The California Supreme Court on Friday refused to hear arguments from Soka University, dealing the school yet another setback as it fights to prevent the Santa Monica Mountains Conservancy from condemning its scenic Calabasas campus.
Without commenting on the case, justices declined to consider Soka's challenge of a 2nd District Court of Appeal ruling in which the conservancy was permitted to proceed with eminent domain proceedings against the school.
Soka spokesman Jeff Ourvan said the school is considering whether to appeal yet again--this time to the U.S. Supreme Court. "We believe our constitutional rights have been denied," Ourvan said.
But conservancy staff counsel Liz Cheadle was dubious, saying: "I have no idea how they are going to make a federal claim out of this."
Soka attorney Hodge Dolle said the school could take issue with the amount of time the case has spent in legal limbo. Formally launched in December, 1992, the condemnation proceedings have been on hold in Los Angeles County Superior Court as both sides slog it out in appeals.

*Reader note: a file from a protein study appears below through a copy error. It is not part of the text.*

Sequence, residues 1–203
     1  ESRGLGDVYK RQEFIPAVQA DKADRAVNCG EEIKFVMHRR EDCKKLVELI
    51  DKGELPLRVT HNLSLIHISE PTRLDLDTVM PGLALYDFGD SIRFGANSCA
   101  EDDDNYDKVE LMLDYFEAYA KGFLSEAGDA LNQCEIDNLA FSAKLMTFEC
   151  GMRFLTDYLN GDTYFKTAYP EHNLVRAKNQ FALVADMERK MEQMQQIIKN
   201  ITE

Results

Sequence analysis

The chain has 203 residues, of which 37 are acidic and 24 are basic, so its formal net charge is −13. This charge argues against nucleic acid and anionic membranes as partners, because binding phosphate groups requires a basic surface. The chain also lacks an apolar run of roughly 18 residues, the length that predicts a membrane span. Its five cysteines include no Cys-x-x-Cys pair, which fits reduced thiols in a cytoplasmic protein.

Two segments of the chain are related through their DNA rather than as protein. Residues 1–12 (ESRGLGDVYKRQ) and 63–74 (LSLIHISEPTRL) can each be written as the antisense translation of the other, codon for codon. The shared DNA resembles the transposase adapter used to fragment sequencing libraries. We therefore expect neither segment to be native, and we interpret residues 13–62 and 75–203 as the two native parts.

The case stems from a fight between the school and some of its neighbors. Soka wants to expand its campus at the corner of Mulholland Highway and Las Virgenes Road into a liberal arts college, but state and federal parks officials want the land to be a visitors center for the Santa Monica Mountains National Recreation Area.
Soka administrators have offered to share the site with park officials but have rejected offers to sell the property outright. So late in 1992, the Mountains Recreation and Conservation Authority--a subsidiary of the conservancy--launched condemnation proceedings to seize 245 acres through eminent domain.
Soka sued to stop the conservancy.
Because the conservation authority has a joint powers agreement with park agencies in Ventura County, conservancy officials sought approval from the Ventura County Board of Supervisors to launch condemnation proceedings, even though Soka's property is entirely within Los Angeles County.
Soka lawyers argued that Ventura County officials overstepped their bounds and they sought to have the approval overturned. A Ventura County judge agreed and the conservancy appealed.
But at the appeal court level, justices earlier this year sided with the conservancy and told Soka lawyers that the proper forum in which to raise their objections would be during condemnation proceedings in Los Angeles County, when a judge will decide whether the conservancy has the right to take Soka's land.